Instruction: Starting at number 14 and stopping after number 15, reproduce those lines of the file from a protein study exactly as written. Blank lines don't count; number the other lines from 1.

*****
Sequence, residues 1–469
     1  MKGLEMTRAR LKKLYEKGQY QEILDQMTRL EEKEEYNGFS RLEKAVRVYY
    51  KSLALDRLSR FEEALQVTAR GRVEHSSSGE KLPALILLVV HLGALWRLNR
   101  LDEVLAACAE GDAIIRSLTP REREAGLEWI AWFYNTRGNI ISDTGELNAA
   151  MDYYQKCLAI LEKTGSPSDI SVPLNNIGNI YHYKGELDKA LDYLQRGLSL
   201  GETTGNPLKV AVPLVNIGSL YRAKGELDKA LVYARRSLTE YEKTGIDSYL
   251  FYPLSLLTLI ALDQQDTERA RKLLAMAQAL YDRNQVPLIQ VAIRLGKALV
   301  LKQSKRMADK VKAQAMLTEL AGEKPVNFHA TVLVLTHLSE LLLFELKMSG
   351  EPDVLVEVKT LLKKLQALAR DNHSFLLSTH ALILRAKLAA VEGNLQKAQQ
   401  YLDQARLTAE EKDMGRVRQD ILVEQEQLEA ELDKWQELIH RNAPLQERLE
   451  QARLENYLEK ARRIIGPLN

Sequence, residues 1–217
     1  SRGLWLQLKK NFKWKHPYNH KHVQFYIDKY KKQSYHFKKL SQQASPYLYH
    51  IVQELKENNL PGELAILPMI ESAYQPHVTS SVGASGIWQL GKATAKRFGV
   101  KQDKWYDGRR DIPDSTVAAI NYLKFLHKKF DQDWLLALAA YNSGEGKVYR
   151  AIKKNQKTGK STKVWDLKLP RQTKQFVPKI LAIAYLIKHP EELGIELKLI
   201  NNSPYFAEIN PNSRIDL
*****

    51  IVQELKENNL PGELAILPMI ESAYQPHVTS SVGASGIWQL GKATAKRFGV
   101  KQDKWYDGRR DIPDSTVAAI NYLKFLHKKF DQDWLLALAA YNSGEGKVYR